Red and yellow onion varieties are popular with Michigan growers.

Nov 15, 2019
Michigan onion growers match varieties to climates

As an onion-growing state, Michigan’s acreage doesn’t crack the top 10. The largest onion state, according to 2016 numbers from the National Onion Association, was Washington, with 23,900 acres, though Idaho grew more onions on just a little less land.

Michigan has just 2,350 acres of onions, a good number for a state with a very diverse agricultural economy, but a small enough number that there are no onion varieties developed with the land and its unique climate in mind.

“They’re always changing, but there are no onions bred for Michigan,” said Bruce Klamer, an onion and celery grower near Byron Center who’s chairman of the Michigan Onion Committee. Observational trials are organized by the growers to help determine which varieties thrive in the Michigan clime.

The same thing happens across the country. New varieties and seed come out each year, and Vegetable Growers News’ annual Seed Section is one way to see what is new on the market. But at some point, the growers have to decide what works best on their own farms, so growers and Extension agents do their homework.

Michigan onion growers toured trials of new onion varieties in August before the harvest. Photos: Gregory Bird/Michigan Vegetable Council

“The Michigan onion variety observation trials were started 15 plus years ago,” said Darryl Warncke, a professor emeritus of soil fertility and plant nutrient management at Michigan State University. “The purpose was to observe how new onion varieties perform in comparison with the most commonly grown onion varieties at various locations in Michigan.”

Most Michigan onion varieties are strong-flavored red or yellow – long-day cooking onions that ripen in storage. Klamer, who also works for Solar Seeds, estimated as many as 60 different varieties are grown across the state. A few Michigan growers have ventured into sweet onions varieties such as Expression from Johnny’s Selected Seeds.

“Developing an onion that has low pyruvic acid is a challenge for northern onions,” Klamer said. “A Michigan onion by itself – a cooking onion – has more sugar than a Vidalia does. But the pyruvic acid is a lot higher, and that’s what gives it the bold flavor.”

“Currently there are a lot of good onion varieties available to be grown in Michigan and other northern states,” Warncke said, but the group keeps looking at new arrivals. This year, Warncke grew 17 varieties. Last year, he grew 27. In the blind study, the varieties are numbered rather than labeled. Five or six seed companies participate each year. There is no cost to the seed companies to participate, but each seed company is limited to five entries each year.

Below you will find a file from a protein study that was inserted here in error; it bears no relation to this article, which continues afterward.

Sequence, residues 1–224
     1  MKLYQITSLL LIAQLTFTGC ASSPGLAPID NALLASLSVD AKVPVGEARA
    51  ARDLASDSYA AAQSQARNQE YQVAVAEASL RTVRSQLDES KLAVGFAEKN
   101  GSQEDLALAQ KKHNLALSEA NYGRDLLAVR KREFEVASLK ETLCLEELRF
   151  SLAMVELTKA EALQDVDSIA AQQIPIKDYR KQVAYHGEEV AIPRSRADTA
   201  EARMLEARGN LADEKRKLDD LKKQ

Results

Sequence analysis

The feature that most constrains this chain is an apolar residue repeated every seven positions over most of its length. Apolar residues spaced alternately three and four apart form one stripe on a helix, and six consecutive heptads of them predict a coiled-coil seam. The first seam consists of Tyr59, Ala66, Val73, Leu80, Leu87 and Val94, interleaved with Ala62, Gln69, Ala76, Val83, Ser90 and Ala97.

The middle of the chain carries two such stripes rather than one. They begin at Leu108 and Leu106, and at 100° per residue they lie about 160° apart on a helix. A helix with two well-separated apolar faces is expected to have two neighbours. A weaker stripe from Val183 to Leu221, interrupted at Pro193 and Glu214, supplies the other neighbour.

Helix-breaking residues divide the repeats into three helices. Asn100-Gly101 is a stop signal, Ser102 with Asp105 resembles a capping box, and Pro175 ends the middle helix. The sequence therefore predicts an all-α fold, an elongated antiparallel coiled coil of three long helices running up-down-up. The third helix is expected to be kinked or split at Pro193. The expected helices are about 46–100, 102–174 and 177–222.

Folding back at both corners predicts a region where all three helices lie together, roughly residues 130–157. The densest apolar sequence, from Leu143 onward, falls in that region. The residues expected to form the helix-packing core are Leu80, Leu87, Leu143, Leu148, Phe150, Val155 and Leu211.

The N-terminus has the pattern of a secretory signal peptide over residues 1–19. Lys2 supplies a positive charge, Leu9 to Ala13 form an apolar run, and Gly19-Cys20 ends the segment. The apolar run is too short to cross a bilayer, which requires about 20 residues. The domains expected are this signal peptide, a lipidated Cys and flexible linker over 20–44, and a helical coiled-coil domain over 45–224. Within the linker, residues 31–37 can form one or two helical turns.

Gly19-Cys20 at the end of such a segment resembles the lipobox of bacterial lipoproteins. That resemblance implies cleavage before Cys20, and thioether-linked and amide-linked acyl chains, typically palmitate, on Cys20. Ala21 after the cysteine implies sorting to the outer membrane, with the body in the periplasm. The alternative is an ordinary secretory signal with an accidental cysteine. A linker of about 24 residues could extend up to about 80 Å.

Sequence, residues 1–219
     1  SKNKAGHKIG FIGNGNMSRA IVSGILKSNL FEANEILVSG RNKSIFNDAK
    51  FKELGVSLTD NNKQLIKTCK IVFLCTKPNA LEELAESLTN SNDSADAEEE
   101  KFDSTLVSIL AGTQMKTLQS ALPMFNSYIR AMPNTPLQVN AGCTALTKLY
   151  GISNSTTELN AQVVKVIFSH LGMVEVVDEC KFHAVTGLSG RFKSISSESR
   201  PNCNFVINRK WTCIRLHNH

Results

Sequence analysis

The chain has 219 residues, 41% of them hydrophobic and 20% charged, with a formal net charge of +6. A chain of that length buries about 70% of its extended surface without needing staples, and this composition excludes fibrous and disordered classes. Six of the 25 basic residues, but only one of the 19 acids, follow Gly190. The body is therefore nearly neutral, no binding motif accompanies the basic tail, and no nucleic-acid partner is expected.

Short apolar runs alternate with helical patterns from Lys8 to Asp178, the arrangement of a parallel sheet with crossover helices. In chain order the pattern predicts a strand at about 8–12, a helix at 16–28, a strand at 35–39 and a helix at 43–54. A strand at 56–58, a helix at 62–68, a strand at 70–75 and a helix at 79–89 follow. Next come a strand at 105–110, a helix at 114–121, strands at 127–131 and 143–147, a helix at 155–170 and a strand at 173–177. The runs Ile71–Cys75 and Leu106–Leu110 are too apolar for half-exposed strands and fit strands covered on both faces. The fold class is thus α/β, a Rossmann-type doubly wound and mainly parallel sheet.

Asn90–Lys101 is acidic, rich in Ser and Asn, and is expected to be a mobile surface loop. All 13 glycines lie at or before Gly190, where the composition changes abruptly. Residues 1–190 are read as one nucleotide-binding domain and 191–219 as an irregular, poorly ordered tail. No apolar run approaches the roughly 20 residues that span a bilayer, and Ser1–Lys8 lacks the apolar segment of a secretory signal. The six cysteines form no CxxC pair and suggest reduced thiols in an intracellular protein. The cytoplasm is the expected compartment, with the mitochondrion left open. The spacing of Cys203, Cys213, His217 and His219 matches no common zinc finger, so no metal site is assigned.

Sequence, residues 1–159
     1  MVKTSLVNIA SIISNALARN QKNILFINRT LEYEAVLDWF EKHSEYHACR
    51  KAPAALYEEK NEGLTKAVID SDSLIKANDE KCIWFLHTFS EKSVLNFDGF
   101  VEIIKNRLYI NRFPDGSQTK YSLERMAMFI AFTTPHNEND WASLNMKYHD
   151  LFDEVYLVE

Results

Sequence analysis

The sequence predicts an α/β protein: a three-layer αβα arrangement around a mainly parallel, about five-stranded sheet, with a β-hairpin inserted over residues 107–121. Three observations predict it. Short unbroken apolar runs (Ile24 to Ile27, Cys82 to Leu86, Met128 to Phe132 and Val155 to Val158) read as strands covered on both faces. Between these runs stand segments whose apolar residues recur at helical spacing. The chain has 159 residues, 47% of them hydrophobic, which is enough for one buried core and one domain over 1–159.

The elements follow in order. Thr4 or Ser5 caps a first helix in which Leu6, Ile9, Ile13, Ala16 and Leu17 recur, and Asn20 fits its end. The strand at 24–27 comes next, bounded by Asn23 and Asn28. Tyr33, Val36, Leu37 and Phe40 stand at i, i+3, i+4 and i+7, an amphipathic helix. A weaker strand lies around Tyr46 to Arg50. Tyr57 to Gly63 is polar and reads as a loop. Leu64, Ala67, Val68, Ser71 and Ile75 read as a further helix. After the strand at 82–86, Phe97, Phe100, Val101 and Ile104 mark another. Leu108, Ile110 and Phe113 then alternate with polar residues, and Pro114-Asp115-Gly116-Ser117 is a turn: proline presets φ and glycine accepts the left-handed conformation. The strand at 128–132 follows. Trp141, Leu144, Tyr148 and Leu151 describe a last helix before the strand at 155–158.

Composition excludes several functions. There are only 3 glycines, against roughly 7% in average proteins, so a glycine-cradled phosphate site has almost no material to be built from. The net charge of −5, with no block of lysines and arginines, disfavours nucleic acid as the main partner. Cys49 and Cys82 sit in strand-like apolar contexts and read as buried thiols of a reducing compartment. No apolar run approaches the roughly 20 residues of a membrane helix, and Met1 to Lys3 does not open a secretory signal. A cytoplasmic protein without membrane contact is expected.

Klamer said the trials would probably be a good use of the commodity groups’ money, but currently, the trials are generously sponsored by various companies the growers do business with.

Each year, the onion varieties have been grown at three different locations in the state – most recently near Byron Center, Fremont and Grant – to represent the different microclimates and soils around the state.

The vast majority of Michigan onions are grown in muck, but in the last 10 years, a few growers have begun growing them in sandy loam soil with irrigation. Holton, Michigan’s Vogel Produce – which won the 2017 Master Farmer Award from the Michigan Vegetable Council – was credited with perfecting how to grow carrots and onions in Michigan mineral soil with irrigation.

Warncke said a few other growers also are now growing a small acreage on mineral soils.

“Early maturing varieties are harvested, cured and marketed in late July into early August,” Warncke said. “Most of the onion varieties mature and are harvested in late August through September and put into storage. The onions are packed and marketed out of storage until the end of February.”

Before the harvest each year, Klamer hosts a dinner for the growers to come and see some of the onion trials, eat steak, hold a short committee meeting and talk shop about what’s working for them.

“Getting the growers out in August is important,” he said, if very difficult to do. “It’s kind of a nice meeting all the way around.

— Stephen Kloosterman, associate editor





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